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Travis McMichael defends shooting Arbery, testifies he feared for his life
Ahmaud Arbery’s killer testified during his murder trial Wednesday that he feared for his life when he fired the fatal shots, ending a five-minute chase of the 25-year-old Black man through a suburban Glynn County neighborhood on Feb. 23, 2020.
In Travis McMichael’s four-hour testimony, he repeated that he reacted to the “totality of circumstances” of Arbery being spotted several times at the construction site of a new home in the Satilla Shores neighborhood combined with concerns about property crime. That prompted him and two other white men to chase an unarmed Arbery, leading to the younger McMichael firing three shotgun blasts that day.
Travis McMichael is set to return to the stand Thursday for more cross-examination by prosecutors as he, his father Greg McMichael, and his neighbor William “Roddie” Bryan, face potential life sentences in the murder and kidnapping of Arbery.
A couple of weeks after Travis McMichael first encountered Arbery, he says he relied on his training he received while serving in the U.S. Coast Guard when responding to his frantic father alerting him that Arbery was in the suburban Brunswick neighborhood.
Travis McMichael reacted by getting into his pickup truck while carrying his shotgun, picking up his father who was also armed with a gun and going to search for the man suspected of entering the unoccupied house.
Travis McMichael said he drove up next to Arbery a couple of times to calmly ask him what was going on before he noticed Arbery’s demeanor in a third encounter.
“(I said to him) ‘Hey what’s going on, stop a minute, stop a minute, I want to talk to you’ at this point,” Travis McMichael testified. “He’s still running and I noticed at this point he was looking very angry.
“It wasn’t what I expected with me just coming up and talking to him,” Travis McMichael testified. “It was clenched teeth, closed brow. He was mad which made me think, something’s happened.”
Travis McMichael also distanced himself from Bryan, who authorities say attempted to run Arbery into a ditch multiple times after joining in the pursuit in his black pickup truck. Bryan recorded the viral video that spurred widespread outrage and eventually the arrests of the three men charged with Arbery’s murder.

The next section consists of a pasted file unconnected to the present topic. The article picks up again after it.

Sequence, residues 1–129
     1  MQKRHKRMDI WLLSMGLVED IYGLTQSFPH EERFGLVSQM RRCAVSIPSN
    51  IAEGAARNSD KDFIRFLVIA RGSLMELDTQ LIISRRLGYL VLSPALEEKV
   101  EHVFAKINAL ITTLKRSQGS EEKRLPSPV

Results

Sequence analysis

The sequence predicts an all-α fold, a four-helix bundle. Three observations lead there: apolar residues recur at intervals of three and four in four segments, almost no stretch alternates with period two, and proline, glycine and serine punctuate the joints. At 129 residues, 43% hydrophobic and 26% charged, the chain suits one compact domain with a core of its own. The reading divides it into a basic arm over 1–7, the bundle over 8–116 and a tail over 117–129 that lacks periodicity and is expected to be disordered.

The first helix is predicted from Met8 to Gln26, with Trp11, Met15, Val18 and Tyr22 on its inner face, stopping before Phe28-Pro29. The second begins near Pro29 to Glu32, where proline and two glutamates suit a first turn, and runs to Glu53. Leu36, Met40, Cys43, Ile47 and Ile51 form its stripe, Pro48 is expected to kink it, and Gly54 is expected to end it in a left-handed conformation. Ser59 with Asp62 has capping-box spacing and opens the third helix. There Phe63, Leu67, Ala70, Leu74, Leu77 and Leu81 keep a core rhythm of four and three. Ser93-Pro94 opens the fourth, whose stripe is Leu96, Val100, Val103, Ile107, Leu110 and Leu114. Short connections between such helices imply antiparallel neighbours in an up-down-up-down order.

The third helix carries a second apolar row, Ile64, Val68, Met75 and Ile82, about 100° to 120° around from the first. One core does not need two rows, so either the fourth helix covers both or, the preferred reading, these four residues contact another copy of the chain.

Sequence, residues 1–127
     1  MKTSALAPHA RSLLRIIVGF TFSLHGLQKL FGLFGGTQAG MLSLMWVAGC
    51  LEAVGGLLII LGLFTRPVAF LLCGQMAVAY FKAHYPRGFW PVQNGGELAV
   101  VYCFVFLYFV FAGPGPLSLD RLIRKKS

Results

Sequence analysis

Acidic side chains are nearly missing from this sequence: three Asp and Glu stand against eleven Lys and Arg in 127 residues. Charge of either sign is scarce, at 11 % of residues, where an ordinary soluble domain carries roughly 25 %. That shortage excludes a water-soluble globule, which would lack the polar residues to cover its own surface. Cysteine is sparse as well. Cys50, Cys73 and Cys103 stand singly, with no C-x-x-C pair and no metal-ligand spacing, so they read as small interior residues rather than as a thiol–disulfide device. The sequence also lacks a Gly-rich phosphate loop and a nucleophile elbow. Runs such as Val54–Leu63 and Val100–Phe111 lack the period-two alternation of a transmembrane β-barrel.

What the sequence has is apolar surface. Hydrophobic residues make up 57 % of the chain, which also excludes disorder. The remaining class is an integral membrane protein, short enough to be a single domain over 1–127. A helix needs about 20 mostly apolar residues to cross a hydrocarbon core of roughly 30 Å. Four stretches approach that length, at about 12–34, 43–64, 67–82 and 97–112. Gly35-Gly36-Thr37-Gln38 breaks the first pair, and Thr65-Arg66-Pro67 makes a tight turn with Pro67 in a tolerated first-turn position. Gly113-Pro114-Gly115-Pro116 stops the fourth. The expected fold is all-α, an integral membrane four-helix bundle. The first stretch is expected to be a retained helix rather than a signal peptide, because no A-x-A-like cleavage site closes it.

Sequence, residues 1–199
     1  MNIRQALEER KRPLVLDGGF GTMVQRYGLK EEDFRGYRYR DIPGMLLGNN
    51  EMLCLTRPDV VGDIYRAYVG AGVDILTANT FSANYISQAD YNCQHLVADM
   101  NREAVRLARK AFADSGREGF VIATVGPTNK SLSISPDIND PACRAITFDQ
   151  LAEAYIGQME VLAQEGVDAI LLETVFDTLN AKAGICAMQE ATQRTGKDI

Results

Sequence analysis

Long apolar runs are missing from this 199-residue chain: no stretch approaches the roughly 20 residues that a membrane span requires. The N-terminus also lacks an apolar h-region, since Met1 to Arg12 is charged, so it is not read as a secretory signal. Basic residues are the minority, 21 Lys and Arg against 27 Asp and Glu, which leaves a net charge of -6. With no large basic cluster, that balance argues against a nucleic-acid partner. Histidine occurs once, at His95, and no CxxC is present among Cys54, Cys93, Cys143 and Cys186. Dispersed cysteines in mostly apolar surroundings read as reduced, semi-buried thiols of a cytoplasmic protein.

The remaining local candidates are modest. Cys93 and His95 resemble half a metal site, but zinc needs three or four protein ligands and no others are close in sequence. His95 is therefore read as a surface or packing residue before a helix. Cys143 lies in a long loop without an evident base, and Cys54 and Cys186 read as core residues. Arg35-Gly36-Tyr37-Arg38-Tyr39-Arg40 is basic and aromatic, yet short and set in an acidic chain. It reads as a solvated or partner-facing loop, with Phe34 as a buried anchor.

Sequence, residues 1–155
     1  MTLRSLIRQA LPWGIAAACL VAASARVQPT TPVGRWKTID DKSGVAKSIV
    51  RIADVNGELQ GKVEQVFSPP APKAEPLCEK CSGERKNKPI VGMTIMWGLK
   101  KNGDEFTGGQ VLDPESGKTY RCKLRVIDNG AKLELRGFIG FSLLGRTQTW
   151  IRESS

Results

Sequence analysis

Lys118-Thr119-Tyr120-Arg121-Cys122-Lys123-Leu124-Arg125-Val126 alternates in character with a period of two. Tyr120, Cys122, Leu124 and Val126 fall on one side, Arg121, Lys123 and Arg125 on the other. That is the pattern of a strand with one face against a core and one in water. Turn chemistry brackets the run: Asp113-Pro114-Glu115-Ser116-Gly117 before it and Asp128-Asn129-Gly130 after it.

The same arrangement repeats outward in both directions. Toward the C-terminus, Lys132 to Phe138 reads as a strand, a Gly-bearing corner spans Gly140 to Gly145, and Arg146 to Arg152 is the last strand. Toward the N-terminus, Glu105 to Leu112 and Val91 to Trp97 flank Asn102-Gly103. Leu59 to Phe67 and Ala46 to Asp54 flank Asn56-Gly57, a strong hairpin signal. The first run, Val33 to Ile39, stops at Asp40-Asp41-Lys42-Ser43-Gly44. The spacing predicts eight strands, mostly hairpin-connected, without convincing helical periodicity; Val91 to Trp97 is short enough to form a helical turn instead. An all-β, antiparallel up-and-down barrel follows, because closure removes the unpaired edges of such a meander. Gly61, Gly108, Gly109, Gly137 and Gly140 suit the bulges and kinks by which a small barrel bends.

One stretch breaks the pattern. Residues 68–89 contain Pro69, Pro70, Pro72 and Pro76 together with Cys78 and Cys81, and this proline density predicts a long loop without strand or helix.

On the stand, McMichael disputed reports that he and his father coordinated with Bryan to try to corner Arbery inside the neighborhood, as he said he drove up and down several streets trying to get to Arbery.
Bryan’s cellphone footage of the chase and shooting became the turning point in the case after local prosecutors had declined to prosecute anyone in the killing. Outside prosecutors and the Georgia Bureau of Investigation took over weeks after the killing, resulting in the arrest of the three men after they were initially cleared based on their claims of trying to make a citizen’s arrest.
Travis McMichael said he made eye contact with Bryan, but he wasn’t aware who was driving the black truck that Arbery was “interacting” with during the chase. Prosecutors say Bryan struck Arbery several times with his truck, forcing Arbery into a ditch and blocking him from leaving the subdivision.
Travis McMichael testified he saw Arbery run from the black pickup truck in his direction and he became more afraid as his truck blocked his view of Arbery. He said if Arbery had simply jumped into a ditch and run into a yard instead of getting close enough to struggle with him, he would have let him go and the police could have taken over.
“He was in a jog, like a running back ready to bolt and move in any way he wanted,” Travis McMichael said. “As Arbery approaches, I’m pretty sure that he’s going to attack.”
Jason Sheffield, Travis McMichael’s defense attorney, had his client describe how Satilla Shores had been on edge since 2019 because of property crimes committed in the neighborhood. Cobb County Assistant District Attorney Linda Dunikoski contradicted that claim, saying that in 2019, there was only one reported home burglary and several break-ins of unlocked vehicles in the neighborhood, none of which were connected to Arbery.
Chad Posick, a criminal justice professor at Georgia Southern University, said that although it’s unusual for a defendant to testify at a murder trial, Travis McMichael and his lawyers likely felt it would be important for him to take the stand because of the high-profile nature of the case.
Still, some of Wednesday’s testimony might not pass muster for jurors, such as Travis McMichael’s claim he was so concerned about the safety of his father who suffered heart attacks, a stroke and had hip surgery, yet brought him to tag along for the chase which ended with Greg McMichael standing in the bed of the truck holding a handgun.
“You’re saying in one breath that you’re so concerned about an individual and not putting them in harm’s way but what you did was take explicit action to put that person in harm’s way,” Posick said.
And even with training from the Coast Guard, the circumstances leading up to Arbery’s death were not grounds for the McMichaels or Bryan to “be chasing people down and arresting them or using force against citizens,” Posick said.
It should have been left up to police to handle, Posick said.
This story comes to GPB through a reporting partnership with Georgia Recorder.